by Allison Milam in Drinks, Family, June 19th, 2014
by Toby Amidor, June 19th, 2014
These days, instead of taking coffee hot with cream and sugar, most take it with ice cubes. This week and beyond, stick a straw into refreshing, family-friendly summer sips that revitalize any day spent picnicking on the beach, lounging on the patio or eating in the backyard with the whole clan.
Stir together The Pioneer Woman’s Perfect Homemade Lemonade, which achieves a perfect sweet-and-sour bliss point that you can get only from fresh lemon juice and homemade simple syrup. For a fruitier take, add a bag of frozen raspberries and stir. Pour either in a pitcher and you’ll be one step closer to having the most-popular lemonade stand on the block.
Instead of chugging from the soda fountain, make your own sparkling drink at home. Fix Bobby’s Raspberry Ginger Ale by blending chopped fresh ginger, sugar, ice-cold club soda and ripe, juicy raspberries.
by Cameron Curtis in Recipes, June 19th, 2014
A study published earlier this month in the American Journal of Clinical Nutrition found that skipping breakfast doesn’t affect weight loss in dieters. But if you think the findings offer permission to skip breakfast, think again.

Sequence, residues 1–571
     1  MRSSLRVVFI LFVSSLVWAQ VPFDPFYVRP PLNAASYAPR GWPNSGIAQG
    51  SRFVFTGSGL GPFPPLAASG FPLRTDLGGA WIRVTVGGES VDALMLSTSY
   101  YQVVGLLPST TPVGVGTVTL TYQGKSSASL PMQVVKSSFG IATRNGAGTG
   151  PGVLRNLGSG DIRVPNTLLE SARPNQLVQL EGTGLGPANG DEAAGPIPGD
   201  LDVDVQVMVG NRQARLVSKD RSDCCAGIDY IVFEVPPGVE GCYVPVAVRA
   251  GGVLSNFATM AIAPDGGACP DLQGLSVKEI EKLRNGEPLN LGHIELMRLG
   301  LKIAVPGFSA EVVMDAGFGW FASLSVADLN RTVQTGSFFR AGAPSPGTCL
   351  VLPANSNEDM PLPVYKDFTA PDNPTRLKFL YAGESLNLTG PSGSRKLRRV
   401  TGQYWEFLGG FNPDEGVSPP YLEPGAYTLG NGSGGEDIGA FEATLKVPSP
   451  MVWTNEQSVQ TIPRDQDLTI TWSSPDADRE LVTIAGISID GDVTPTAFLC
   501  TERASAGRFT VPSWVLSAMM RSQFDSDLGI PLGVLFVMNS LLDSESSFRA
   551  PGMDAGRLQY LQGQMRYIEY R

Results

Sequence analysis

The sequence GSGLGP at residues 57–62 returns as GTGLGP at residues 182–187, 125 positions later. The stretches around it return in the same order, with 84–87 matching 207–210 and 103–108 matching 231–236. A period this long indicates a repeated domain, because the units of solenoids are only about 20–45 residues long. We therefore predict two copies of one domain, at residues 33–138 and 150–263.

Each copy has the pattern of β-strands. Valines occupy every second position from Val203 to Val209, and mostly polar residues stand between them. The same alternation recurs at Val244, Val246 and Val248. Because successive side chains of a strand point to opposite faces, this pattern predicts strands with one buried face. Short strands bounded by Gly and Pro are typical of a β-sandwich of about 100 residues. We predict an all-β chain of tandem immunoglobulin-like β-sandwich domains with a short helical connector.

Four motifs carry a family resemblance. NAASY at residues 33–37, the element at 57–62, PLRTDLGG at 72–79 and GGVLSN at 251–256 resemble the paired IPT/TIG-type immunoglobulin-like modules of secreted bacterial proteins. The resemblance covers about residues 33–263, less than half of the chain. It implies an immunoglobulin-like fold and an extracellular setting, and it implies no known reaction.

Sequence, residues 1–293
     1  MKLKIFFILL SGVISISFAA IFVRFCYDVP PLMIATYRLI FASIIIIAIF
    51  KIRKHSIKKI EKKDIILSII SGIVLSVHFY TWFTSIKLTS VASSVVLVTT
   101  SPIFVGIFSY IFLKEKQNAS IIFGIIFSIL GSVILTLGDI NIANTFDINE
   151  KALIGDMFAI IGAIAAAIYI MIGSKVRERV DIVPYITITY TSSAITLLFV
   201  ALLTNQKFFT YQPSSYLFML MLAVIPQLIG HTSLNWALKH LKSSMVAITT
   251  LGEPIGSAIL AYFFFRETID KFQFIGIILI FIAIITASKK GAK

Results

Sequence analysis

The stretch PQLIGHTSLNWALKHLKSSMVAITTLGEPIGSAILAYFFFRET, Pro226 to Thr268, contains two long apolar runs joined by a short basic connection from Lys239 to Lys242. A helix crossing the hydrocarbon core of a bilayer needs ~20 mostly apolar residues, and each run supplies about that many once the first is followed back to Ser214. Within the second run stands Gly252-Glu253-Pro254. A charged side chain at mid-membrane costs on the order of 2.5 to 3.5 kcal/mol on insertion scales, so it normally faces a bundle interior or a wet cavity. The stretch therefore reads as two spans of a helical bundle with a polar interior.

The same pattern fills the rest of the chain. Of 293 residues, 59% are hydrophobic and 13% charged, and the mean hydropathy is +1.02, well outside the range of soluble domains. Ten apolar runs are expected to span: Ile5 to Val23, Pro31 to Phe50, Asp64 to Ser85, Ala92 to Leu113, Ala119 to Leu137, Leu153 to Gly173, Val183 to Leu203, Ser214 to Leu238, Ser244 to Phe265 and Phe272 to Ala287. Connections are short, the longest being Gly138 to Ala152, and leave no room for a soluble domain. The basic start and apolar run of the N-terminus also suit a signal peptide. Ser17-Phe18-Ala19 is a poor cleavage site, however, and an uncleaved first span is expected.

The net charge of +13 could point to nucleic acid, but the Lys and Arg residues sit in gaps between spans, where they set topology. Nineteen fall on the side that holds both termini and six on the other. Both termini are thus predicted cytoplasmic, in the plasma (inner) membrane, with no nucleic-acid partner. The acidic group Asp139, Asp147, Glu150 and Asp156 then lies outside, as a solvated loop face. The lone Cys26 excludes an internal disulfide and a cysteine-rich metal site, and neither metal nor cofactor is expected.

by Nikhita Mahtani in Recipes, Shows, June 18th, 2014
If your recipe calls for a fancy ingredient, don’t skip the recipe, simply swap the costly item for another less expensive alternative. Our supermarket expert Nicole Cherie Jones chatted with Beth Moncel, author of Budget Bytes, Gabi Moskowitz of brokeassgourmet.com, Carrie Robinson of thefrugalfoodiemama.com and Amy McCoy, author of Poor Girl Gourmet, to find out how you can save hundreds of dollars at the grocery store and still nail recipes that call for pricey ingredients.
1. Porcini Mushrooms
Porcini mushrooms are pricey at $5 to $8 per ounce, and they’re also elusive. Save up to 95 percent with baby bella (cremini) mushrooms that register at only 38 cents per ounce.
by Joseph Erdos in Shows, June 18th, 2014
For this week’s Chopped Dinner Challenge, the chefs of Food Network Kitchen chose to feature the basket ingredient squid. While squid is traditionally deep-fried in breadcrumbs to lock in its natural flavor, this stir-fried version makes use of sweet and tangy ingredients like soy sauce, molasses, lime and ginger to bump up the flavor. Served over chilled rice noodles, this take is a refreshing departure from the heavier classic, making it a cooling retreat for summer dining. Read more
by Toby Amidor, June 18th, 2014
This month Food Network is airing the 20th season of Chopped. To mark this momentous occasion, FN Dish is giving viewers the chance to see what the show looked like in its very first taped episode. Over the years the set has been updated and the basket ingredients have definitely gotten much more varied, but what hasn’t changed is the format of the show — a testament to its success.
by Sarah De Heer, June 18th, 2014
As blood pressure and health care costs for chronic disease continue to rise, the Food and Drug Administration is preparing to issue new guidelines on sodium. Americans currently take in about 3,400 milligrams (or 1½ teaspoons) of salt each day, a ...
by Andrea Strong, June 18th, 2014